Healthy air at home means taking care of yourself, first and foremost. It becomes particularly important, especially during winter when indoor spaces tend to remain closed while heating systems are operating.
When is the air quality considered good?
Due to limited spaces and the accumulation of harmful substances, the indoor air quality can be even worse than the outdoor air. Contributing factors include carbon dioxide, humidity, dust, biological residues and volatile organic compounds (VOCs).
It is crucial not to exceed the fixed limits. For instance, humidity levels should be maintained between 40% and 60%, with a temperature ranging from 68 °F to 75,2 °F.
Values that are too high or too low lead to the formation of moulds and bacteria, which cause health problems.
In addition to these factors, the impact of atmospheric pollution also affects indoor spaces inevitably.
The UK monitors air quality nationally, thanks to a number of networks of monitoring stations, called Automatic Urban and Rural Network (AURN). It reports data hourly in real-time on the UK-AIR website.
The less pollution level, the better is for personal health. The network provides a graduated scale which values from 1 (low pollution) to 10 (very high pollution), suggesting health advice according to each situation.
Indoor air quality
To monitor the air quality we breathe inside our homes, there are technologically advanced tools available.
These devices include commonly used appliances such as smart thermostats. They contribute to the creation of an intelligent heating system, notifying the user about the indoor air quality, even remotely, through a dedicated app installed on a mobile phone.
An intelligent system enables the regulation of the correct temperature. Excessively high heating can have many health consequences, such as respiratory infections or sleep disturbances.
For instance, above 68 °F, the body is not in the best conditions to relax muscles and achieve a pleasant state of calmness. Similarly, excessively humid or dry environments are harmful for health.
Smart scheduling, which involves an advanced heating system learning from the inhabitants' habits, ensures an appropriate and constant temperature.
Smart thermostatic valves have sensors that detect if a window is left open near the radiator. This can occur when we open windows to ventilate, which is another useful measure for improving indoor air quality.
The system prevents heat loss until the window is closed again.
Regular maintenance is also crucial and recommended. Malfunctions can be very dangerous, considering that an unmaintained boiler can produce carbon monoxide (CO), posing inevitable health risks.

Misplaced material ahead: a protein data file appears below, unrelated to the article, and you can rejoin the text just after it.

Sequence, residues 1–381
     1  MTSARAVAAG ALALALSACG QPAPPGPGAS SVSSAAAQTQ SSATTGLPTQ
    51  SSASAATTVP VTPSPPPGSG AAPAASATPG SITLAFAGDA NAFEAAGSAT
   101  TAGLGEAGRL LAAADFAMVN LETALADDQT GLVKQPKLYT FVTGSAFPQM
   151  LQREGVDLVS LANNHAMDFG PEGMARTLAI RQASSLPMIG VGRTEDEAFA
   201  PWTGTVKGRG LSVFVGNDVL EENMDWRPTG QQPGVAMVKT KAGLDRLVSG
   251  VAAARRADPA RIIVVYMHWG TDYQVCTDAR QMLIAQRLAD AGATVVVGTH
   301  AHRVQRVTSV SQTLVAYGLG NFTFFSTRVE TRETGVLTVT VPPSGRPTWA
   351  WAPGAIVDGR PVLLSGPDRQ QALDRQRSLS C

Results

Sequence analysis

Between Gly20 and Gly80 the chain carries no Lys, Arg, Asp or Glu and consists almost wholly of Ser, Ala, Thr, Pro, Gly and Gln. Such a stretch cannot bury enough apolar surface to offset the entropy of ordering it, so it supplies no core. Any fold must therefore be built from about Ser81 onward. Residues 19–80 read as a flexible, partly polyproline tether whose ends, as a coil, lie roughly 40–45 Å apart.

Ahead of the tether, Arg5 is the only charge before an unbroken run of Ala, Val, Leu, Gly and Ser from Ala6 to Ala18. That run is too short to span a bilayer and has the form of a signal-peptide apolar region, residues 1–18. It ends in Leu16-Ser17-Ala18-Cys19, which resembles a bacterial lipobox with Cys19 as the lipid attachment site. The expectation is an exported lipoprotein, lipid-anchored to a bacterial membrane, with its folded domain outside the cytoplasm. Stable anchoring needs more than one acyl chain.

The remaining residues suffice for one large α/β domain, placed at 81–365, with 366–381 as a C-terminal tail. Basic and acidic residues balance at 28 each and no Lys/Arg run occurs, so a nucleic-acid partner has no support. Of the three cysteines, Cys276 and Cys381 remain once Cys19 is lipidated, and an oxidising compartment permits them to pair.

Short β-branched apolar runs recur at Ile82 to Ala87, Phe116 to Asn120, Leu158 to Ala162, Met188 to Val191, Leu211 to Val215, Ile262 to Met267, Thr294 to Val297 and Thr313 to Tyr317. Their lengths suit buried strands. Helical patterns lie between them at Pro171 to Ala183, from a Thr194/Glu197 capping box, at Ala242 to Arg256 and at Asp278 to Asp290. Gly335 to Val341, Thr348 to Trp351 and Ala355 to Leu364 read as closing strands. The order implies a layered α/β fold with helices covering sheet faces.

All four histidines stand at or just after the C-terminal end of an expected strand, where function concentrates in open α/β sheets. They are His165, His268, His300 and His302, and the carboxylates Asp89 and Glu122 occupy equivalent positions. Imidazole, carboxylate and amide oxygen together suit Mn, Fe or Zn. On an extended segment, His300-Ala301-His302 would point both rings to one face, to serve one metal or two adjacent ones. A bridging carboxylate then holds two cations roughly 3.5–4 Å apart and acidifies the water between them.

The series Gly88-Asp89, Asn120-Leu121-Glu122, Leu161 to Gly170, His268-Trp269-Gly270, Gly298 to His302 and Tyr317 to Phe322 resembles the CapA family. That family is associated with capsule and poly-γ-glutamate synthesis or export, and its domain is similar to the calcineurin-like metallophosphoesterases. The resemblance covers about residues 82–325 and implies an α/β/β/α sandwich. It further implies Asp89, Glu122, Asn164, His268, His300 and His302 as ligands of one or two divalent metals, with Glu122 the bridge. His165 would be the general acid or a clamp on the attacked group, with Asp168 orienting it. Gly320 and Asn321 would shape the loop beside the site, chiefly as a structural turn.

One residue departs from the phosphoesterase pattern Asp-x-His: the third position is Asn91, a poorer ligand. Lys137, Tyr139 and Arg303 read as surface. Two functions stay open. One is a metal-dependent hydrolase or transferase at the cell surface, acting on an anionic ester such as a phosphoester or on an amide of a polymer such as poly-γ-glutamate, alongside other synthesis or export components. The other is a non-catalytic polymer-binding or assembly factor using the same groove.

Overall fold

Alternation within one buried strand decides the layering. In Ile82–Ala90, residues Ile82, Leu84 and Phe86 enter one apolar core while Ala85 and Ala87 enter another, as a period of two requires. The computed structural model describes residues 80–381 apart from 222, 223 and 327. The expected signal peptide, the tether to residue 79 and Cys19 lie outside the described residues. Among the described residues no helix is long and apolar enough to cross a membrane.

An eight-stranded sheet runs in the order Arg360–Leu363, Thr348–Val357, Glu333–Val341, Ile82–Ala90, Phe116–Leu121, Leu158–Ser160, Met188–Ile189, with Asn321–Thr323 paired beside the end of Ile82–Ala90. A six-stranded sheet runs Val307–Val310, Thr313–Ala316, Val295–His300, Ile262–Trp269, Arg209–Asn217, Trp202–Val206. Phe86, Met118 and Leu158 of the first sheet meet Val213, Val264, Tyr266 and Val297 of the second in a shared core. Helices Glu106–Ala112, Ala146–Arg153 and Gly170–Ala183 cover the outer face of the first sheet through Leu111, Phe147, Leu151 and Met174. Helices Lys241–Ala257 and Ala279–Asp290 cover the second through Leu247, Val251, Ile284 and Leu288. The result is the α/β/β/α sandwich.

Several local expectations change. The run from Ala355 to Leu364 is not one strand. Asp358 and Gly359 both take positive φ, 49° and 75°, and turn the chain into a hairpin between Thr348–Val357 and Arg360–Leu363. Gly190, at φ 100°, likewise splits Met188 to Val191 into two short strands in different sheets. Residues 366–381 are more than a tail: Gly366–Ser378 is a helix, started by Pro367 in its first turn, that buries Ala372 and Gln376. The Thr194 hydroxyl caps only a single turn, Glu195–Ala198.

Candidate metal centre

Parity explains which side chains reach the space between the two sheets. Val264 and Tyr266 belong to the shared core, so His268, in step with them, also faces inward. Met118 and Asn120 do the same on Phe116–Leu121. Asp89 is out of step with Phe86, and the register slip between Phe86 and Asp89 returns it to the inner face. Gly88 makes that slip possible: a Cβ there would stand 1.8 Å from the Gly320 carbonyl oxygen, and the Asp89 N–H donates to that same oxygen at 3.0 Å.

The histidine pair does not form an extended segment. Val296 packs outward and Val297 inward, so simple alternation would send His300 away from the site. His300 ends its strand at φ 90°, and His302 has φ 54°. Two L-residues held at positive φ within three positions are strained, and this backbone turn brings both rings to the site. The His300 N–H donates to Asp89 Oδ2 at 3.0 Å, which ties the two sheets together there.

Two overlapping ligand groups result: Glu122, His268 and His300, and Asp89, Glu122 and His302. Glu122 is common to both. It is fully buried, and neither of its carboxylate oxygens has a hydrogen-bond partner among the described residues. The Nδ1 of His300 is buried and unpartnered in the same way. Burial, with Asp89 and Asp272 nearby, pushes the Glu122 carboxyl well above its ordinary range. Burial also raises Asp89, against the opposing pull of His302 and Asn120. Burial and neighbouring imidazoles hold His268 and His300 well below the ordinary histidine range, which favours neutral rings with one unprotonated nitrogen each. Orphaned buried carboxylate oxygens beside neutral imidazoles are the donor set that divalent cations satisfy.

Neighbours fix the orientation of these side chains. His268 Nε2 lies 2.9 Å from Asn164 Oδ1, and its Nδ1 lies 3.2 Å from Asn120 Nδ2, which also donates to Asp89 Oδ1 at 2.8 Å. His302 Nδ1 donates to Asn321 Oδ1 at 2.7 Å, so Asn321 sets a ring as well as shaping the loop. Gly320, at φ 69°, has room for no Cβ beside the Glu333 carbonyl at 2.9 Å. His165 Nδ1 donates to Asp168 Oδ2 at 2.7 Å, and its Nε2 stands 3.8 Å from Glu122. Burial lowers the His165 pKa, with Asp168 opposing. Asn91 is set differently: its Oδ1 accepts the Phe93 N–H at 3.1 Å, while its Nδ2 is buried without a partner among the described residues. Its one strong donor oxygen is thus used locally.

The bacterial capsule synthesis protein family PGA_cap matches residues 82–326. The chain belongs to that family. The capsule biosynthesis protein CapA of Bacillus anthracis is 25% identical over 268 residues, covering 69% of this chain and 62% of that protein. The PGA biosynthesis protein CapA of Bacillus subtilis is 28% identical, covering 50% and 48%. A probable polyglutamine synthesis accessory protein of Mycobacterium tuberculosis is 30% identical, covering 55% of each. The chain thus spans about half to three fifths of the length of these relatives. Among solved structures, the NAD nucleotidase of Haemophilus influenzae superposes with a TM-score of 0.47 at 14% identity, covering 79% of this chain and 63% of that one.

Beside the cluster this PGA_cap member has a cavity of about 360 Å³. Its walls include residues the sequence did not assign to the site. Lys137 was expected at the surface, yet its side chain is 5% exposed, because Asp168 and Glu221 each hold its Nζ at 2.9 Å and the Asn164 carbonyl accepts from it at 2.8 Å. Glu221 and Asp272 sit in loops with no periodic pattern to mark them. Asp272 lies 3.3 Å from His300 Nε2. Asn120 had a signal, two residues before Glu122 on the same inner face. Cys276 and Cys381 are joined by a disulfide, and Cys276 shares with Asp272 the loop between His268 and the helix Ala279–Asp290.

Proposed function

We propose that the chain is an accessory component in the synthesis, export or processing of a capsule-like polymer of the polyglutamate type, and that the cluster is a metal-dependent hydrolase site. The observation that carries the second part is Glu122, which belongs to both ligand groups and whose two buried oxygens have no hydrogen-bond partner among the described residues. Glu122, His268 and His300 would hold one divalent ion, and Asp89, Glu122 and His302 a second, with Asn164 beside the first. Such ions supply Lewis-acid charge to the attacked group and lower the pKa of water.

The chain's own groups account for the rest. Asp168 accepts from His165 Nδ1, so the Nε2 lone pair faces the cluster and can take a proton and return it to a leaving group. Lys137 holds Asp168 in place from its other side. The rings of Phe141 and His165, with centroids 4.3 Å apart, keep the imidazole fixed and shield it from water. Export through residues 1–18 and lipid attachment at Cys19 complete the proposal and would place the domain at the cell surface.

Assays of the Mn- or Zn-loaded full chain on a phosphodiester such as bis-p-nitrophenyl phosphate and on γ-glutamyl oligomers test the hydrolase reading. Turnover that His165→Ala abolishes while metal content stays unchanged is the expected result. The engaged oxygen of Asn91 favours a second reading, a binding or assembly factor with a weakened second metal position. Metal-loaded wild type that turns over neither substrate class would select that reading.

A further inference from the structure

Not to mention the CO2 generated by heating systems as well.
How can you improve indoor air quality?
Good habits and some simple solutions contribute to improving the indoor air quality in our homes.
- Avoid smoking.
- Open windows at appropriate times and when possible.
- Adopt controlled mechanical ventilation solutions (CMV).
- Place green plants in rooms to counteract smog.
- Install gas detectors.
- Avoid excessively high heating temperatures.
Another remedy is to equip the house with air purifiers or mechanical ventilation systems. They draw in the air, passing it through a series of filters before releasing it back cleaner.
They can be either floor-standing or wall-mounted. CMV systems, on the other hand, are tailored solutions designed to fully integrate with the house.
Both solutions help eliminate bacteria, viruses, moulds, fungi and dust mites.
How much should PM 2.5 be indoors?
Particular attention should be given to PM 2.5, a numerical classification of fine dust based on particle size.
This classification groups particles with sizes equal to or smaller than 2.5 microns.
It consists of both indoor and outdoor-generated PM 2.5. Specifically, indoor PM 2.5 can result from activities like smoking, cooking or cleaning.
It is impossible to eliminate it completely as its presence is also due to daily activities.
The final result of these investigations suggests adopting simple countermeasures, such as not smoking indoors and using kitchen hoods to remove smoke produced during cooking.
- Cigarette smoke in closed environments causes a high concentration of fine dust, even up to 100 times higher than legal limits. This poses a serious risk not only for the smoker but also for those exposed to secondhand smoke.
- Kitchen hoods are effective in dealing with major pollutants resulting from everyday activities, not only CO2 but also nitrogen dioxide, which is released from gas usage.
The Smart Thermostat allows you to precisely set and measure the temperature of the room in which it is installed. Thanks to its advanced functionalities it also allows you to control humidity and air quality.
With IRSAP NOW Smart Valves you control the temperature intelligently from wherever and whenver you want via smartphone. Our wireless thermostatic valves are compatible with all radiator brands and leading hydraulic valve manufacturers.
Connection Unit & Repeater
The Connection Unit is connected to your home router and is indispensable for controlling all the other devices in the system from wherever and whenever you want directly from your smartphone.